|Publication number||US5384174 A|
|Application number||US 08/024,852|
|Publication date||Jan 24, 1995|
|Filing date||Feb 26, 1993|
|Priority date||May 21, 1988|
|Also published as||DE68908886D1, DE68908886T2, EP0414787A1, EP0414787B1, WO1989011262A1|
|Publication number||024852, 08024852, US 5384174 A, US 5384174A, US-A-5384174, US5384174 A, US5384174A|
|Inventors||William J. Ward, Jil F. Philistin-Rabaud|
|Original Assignee||Smith & Nephew Plc|
|Export Citation||BiBTeX, EndNote, RefMan|
|Patent Citations (5), Referenced by (86), Classifications (26), Legal Events (3)|
|External Links: USPTO, USPTO Assignment, Espacenet|
This is a continuation application of U.S. Ser. No. 07/603,700, filed as PCT/GB89/00563, May 22, 1989, now abandoned.
The present invention relates to an adhesive sheet material for use on the skin which comprises a backing layer which has on one surface a pressure sensitive adhesive layer covered by a removable release liner and attached to the other surface a support layer. The sheet material may be used as a wound dressing, a dressing for an indwelling catheter or if the central area of the sheet is removed as an ostomy flange for retaining a bag around a stoma.
Adhesive sheet materials have been used as dressings for many years. These products comprise a thin, filmic, moisture vapour permeable polymeric material coated on one surface with an adhesive. The sheet was presented for use with a protector layer over the adhesive and adhesive-free handles at a pair of opposed edges. Subsequently alternative modes of presentation were introduced to ease application of the thin filmic product for the inexperienced particularly in an effort to prevent the dressing creasing and adhering to itself during application. If this occurs then the dressing must be discarded. One such mode of presentation required the presence of a carrier film usually of a material stiffer than the adhesive coated film adhered to the non-adhesive surface of that film. To apply such dressings the release liner was removed, the adhesive coated film was adhered to the patient and then the carrier removed. Dressings of this type are described in for example United Kingdom Patent No. 2120104, European Patents Nos. 51935, 66899 and 81990 and U.S. Pat. Nos. 4,372,303, 4,374,520 and 4,545,371.
A dressing known as Tegaderm (Trade mark) has been introduced which Is provided with a frame of cardboard attached to the non-adhesive coated surface of the dressing to facilitate its application. This product is said to be within the ambit of European Patent No. 51935. The dressing claimed in that patent requires that a releasable layer which comprises the frame is attached more tenaceously to the non-adhesive surface of the film than is a release liner attached to the adhesive surface of the dressing. This ensures that the release liner may be removed from the adhesive surface with reduced risk of disturbing the dressing held on the releasable layer. However, there is a risk that because the releasable layer is adhered strongly to the dressing then when it is removed it may disturb the dressing on the patient.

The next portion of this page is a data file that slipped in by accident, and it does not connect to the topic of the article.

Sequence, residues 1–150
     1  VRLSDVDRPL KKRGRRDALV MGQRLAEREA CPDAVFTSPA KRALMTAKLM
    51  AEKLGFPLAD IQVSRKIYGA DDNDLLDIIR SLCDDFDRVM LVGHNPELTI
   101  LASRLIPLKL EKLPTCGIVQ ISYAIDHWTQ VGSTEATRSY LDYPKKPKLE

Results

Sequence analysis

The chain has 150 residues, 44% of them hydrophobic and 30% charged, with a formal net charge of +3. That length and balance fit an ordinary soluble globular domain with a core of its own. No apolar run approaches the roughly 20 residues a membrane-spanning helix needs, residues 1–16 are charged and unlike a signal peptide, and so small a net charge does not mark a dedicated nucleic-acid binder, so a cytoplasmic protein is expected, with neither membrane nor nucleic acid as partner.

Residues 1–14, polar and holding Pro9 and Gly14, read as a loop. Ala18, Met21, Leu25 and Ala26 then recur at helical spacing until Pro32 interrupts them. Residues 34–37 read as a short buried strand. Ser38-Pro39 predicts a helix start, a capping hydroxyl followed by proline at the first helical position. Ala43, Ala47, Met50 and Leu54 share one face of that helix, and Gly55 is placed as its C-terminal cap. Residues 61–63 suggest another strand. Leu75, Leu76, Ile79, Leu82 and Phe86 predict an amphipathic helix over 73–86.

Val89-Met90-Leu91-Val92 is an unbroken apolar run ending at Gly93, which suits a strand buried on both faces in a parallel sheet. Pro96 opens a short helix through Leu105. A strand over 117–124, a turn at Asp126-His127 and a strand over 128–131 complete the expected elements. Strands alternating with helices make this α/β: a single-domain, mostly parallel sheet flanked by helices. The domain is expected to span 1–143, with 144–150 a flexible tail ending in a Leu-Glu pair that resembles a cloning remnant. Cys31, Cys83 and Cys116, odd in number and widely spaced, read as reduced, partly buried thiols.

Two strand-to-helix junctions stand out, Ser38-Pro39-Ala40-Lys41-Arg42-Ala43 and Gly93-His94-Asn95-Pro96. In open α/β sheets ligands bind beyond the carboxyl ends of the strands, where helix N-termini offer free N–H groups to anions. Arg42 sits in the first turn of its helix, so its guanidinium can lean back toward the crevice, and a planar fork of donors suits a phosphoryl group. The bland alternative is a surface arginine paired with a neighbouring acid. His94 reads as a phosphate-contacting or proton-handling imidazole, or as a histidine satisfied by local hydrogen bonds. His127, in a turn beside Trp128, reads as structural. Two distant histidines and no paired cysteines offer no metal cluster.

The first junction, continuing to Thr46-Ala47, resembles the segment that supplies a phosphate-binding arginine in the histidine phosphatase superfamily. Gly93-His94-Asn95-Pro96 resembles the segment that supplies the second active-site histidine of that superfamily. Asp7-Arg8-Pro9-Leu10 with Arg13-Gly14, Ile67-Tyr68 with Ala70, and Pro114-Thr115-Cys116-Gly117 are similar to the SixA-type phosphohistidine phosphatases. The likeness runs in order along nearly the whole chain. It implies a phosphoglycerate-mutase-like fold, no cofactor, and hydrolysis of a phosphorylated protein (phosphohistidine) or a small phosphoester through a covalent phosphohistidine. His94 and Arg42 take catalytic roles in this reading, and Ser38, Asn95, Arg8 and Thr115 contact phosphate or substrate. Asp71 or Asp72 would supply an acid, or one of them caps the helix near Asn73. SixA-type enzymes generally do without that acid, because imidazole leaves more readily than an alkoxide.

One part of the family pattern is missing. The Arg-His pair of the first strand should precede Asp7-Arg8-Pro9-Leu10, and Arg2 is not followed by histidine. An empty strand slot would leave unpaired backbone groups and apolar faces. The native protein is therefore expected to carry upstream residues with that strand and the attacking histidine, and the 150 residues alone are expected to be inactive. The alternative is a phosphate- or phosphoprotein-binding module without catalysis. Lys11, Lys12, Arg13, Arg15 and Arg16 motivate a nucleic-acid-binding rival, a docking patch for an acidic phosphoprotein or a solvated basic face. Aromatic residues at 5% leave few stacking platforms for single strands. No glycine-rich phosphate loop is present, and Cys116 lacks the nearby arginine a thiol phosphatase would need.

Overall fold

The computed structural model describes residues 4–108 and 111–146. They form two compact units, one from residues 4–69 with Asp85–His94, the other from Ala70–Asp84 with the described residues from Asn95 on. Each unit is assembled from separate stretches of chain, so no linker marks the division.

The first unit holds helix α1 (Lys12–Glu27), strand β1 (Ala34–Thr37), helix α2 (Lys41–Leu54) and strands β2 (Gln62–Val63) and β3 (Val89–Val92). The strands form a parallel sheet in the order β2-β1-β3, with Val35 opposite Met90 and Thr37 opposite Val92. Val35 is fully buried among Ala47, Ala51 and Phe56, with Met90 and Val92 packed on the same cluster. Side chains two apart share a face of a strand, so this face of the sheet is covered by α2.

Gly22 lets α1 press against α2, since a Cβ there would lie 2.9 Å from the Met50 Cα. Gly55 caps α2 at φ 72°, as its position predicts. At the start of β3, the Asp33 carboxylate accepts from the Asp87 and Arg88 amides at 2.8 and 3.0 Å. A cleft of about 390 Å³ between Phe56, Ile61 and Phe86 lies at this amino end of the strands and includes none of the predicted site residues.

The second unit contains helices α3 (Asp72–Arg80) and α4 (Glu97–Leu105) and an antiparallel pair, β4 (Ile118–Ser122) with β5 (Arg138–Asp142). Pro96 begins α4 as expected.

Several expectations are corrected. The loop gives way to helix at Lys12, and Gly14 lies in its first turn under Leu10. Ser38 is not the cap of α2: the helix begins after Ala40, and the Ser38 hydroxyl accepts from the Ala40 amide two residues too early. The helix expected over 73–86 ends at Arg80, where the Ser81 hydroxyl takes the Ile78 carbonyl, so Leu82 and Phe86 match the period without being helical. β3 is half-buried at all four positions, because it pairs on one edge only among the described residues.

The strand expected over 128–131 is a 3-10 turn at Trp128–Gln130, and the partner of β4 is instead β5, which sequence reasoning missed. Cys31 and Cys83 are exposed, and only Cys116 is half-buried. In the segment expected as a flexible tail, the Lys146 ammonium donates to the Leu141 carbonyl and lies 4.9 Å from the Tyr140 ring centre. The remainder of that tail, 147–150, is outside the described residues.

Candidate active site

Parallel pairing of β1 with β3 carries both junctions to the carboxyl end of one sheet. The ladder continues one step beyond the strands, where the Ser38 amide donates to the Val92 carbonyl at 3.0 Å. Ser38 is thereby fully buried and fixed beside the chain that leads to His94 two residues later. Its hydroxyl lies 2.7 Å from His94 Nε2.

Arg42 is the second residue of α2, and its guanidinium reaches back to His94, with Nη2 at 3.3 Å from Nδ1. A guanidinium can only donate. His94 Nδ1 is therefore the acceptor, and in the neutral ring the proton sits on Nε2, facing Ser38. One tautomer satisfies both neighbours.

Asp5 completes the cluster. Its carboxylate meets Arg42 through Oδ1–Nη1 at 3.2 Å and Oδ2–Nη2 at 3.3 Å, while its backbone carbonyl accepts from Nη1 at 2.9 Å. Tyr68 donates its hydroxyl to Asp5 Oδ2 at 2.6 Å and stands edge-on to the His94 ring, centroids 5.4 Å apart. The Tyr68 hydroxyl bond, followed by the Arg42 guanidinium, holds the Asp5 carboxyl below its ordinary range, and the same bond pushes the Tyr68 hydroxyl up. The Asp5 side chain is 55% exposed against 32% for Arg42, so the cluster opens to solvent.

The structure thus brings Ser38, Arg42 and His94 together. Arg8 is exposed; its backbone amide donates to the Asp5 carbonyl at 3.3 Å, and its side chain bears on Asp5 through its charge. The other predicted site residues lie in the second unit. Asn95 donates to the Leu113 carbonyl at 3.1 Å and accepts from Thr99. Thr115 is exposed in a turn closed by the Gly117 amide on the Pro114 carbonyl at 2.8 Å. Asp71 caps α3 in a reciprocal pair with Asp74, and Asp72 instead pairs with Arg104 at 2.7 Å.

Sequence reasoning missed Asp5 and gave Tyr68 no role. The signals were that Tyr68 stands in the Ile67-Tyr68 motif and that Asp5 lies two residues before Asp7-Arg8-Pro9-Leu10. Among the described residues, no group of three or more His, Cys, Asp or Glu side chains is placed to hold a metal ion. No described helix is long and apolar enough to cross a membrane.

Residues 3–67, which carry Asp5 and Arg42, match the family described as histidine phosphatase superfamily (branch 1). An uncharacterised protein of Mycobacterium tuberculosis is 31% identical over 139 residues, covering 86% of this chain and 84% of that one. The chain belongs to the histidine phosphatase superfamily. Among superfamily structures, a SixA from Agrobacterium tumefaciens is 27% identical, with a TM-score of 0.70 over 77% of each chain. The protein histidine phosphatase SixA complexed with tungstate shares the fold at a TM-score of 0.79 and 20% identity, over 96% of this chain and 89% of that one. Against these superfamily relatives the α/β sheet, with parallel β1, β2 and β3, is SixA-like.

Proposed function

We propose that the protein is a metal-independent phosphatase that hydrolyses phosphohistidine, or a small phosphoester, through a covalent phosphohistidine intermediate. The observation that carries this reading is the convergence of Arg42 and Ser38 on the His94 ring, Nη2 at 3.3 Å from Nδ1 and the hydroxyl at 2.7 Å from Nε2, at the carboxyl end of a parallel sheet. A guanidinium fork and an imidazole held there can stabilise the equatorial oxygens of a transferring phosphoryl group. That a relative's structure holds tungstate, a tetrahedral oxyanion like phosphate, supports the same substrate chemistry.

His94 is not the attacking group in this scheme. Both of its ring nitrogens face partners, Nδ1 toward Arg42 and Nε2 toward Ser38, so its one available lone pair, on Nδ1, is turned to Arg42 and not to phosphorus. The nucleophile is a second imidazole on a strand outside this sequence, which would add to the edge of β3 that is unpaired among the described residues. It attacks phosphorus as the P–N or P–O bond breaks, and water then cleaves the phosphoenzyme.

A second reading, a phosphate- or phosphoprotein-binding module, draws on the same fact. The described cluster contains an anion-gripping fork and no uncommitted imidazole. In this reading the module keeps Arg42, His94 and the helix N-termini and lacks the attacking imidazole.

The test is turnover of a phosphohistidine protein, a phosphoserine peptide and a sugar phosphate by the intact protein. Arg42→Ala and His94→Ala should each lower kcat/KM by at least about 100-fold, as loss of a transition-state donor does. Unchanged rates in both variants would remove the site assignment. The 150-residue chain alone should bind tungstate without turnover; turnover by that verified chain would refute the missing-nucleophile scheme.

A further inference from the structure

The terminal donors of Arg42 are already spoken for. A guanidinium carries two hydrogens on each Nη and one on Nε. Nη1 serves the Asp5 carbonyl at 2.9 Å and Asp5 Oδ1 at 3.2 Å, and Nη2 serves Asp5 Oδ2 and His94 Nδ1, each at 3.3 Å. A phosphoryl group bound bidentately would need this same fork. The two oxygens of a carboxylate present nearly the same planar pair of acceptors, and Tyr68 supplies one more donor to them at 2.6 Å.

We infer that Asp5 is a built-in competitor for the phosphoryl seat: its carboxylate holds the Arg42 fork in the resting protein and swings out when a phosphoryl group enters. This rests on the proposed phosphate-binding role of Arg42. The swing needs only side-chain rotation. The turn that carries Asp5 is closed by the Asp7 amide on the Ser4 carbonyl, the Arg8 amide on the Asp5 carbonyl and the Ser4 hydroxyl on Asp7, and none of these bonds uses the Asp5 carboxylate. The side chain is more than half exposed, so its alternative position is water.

Surprisingly it has been found that by using a release liner which is stiffer than the support layer attached to the non-adhesive side of the sheet, the release liner can be allowed to adhere to the adhesive layer more strongly than the support layer adheres to the non-adhesive surface of the sheet and still permit the release liner to be removed without dislodging the support layer from the backing layer. The support layer can be therefore lightly adhered to the film and consequently be easier to remove. This is particularly advantageous when the support layer is in more than one portion for example when it comprises a central portion and a peripheral portion. The central portion may be easily removed so that the sheet material may be adhered to a colostomy bag or the like. The peripheral portion may also comprise two pieces so that they may be removed sequentially unlike the prior art in which the frame is removed in one piece.
Advantageously the release liner may be divided into three portions a large central portion and two end strips so that the large central portion may be removed first. The portions may be separable along a score line or a line of perforations. The end strips may be used to handle the dressing during application and be removed after application of the dressing. The end strips may be specially shaped to facilitate handling.
Accordingly the present invention provides an adhesive sheet material for use on the skin which comprises a backing layer which has upon at least a portion of one surface thereof a pressure sensitive adhesive layer, a removable release liner covering the adhesive layer and a support layer attached to the surface of the backing layer remote from the pressure sensitive adhesive layer wherein the stripping load required to separate the release liner from the adhesive layer is greater than the stripping load required to separate the support layer from the backing layer and the release liner is stiffer than the support layer.
In a preferred embodiment the pressure sensitive adhesive covers essentially the whole of one surface of the backing layer.